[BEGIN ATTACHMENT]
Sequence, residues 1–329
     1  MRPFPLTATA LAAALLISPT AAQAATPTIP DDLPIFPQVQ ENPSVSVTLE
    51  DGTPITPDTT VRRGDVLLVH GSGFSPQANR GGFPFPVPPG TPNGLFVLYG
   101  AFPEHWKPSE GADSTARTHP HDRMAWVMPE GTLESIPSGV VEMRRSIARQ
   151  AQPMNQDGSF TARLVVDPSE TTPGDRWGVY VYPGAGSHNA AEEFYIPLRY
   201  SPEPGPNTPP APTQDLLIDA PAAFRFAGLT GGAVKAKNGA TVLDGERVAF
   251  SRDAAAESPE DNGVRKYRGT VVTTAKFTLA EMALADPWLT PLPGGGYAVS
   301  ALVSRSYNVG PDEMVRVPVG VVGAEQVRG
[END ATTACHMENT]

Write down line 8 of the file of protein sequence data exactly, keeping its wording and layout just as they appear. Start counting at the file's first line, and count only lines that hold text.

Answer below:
   301  ALVSRSYNVG PDEMVRVPVG VVGAEQVRG